A labour analyst said on Sunday that this year's Heritage Day celebrations are tainted by the violence and deaths in Marikana.
More than 40 miners were killed during clashes with police over a wage dispute protest at the Lonmin mines last month.
Operations came to a halt at one of the country's biggest mining institutions during the almost month long strike.
“South Africa has a heritage of union members and employers, for that matter, complying with collective bargaining agreements,” said labour expert Tony Healy.
“Certainly the heritage we’re taking forward from Marikana is that there is little regard for collective agreements.”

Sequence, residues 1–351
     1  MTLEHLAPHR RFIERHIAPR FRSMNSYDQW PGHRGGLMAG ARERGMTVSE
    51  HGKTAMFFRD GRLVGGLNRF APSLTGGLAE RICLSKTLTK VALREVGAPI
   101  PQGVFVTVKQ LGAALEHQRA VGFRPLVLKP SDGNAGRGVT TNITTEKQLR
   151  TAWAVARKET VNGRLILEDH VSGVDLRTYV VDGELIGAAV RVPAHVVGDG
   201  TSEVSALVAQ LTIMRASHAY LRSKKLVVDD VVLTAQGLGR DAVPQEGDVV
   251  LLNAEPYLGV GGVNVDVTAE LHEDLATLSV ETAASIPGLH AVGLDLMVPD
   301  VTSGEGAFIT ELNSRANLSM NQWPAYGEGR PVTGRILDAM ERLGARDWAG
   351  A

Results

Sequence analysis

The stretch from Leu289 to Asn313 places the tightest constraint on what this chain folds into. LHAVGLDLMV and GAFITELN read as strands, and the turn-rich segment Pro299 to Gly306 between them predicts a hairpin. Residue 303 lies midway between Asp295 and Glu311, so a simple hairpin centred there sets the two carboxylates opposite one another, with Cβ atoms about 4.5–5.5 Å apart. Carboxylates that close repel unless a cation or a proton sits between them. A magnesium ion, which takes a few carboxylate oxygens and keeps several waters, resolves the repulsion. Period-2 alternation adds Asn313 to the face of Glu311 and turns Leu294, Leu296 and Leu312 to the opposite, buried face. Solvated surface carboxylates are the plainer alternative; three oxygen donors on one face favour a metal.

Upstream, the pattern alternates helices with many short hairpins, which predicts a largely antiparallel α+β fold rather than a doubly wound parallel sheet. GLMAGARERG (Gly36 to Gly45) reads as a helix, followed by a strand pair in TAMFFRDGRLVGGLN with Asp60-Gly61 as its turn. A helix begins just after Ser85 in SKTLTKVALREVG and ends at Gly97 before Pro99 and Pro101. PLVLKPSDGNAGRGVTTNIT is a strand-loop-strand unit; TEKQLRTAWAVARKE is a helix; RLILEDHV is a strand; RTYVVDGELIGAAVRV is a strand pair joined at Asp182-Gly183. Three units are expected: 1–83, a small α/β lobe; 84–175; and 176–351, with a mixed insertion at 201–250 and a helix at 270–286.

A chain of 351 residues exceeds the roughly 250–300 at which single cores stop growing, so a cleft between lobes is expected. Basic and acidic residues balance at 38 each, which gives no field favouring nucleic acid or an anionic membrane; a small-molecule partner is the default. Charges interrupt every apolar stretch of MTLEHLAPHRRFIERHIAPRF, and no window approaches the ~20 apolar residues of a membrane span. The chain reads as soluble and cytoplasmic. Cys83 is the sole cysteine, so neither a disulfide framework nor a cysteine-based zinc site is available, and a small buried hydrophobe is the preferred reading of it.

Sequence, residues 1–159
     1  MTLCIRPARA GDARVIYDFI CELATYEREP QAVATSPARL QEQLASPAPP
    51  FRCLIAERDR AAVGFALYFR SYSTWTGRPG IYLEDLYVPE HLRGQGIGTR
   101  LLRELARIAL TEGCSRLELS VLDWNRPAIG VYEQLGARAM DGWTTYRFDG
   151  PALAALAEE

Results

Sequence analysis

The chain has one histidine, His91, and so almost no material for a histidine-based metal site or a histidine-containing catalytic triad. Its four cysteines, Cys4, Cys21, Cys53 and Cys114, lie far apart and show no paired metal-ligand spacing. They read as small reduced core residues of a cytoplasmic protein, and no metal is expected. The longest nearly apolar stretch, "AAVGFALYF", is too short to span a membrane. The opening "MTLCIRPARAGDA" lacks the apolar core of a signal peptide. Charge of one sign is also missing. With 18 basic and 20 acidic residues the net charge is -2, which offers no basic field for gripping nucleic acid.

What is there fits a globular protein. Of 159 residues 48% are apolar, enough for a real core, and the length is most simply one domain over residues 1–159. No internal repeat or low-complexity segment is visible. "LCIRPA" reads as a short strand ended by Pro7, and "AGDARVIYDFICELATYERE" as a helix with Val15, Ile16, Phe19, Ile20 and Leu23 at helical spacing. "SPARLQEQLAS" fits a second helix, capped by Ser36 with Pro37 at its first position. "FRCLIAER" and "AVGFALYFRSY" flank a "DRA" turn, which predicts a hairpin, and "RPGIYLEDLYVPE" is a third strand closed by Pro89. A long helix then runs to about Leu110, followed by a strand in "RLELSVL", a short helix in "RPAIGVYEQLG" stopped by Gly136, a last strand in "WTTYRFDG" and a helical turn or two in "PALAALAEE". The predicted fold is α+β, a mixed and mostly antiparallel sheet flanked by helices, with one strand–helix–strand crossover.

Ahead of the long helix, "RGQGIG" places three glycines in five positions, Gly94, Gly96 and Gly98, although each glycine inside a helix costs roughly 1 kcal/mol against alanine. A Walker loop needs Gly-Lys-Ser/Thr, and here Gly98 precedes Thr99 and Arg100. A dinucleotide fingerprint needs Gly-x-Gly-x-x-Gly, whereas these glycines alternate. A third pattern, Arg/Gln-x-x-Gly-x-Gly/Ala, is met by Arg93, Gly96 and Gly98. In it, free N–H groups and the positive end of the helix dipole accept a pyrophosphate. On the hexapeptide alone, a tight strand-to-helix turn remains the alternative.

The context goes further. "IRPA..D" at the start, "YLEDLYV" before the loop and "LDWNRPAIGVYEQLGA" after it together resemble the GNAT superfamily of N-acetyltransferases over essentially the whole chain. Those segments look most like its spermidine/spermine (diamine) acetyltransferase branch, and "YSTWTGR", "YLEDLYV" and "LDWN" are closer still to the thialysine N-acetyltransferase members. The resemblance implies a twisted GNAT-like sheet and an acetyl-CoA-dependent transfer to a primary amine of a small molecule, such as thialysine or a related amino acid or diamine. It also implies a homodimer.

Meanwhile, President Jacob Zuma on Saturday criticised workers involved in protests in the mining sector for abandoning their trade unions.
He said unions are there to advance workers' interests and should be allowed to do their jobs.
Zuma spoke during the Alexandra township centennial celebrations, saying deaths in Marikana could have been avoided if the miners allowed their trade unions to negotiate on their behalf.
The president warned the trend of workers wanting to negotiate without unions is dangerous and takes the country backwards.
“The new culture of violent protests which threaten lives has no place in a democratic society.”
Zuma called on South Africans to do some soul searching, saying they are moving away from the values of ubuntu.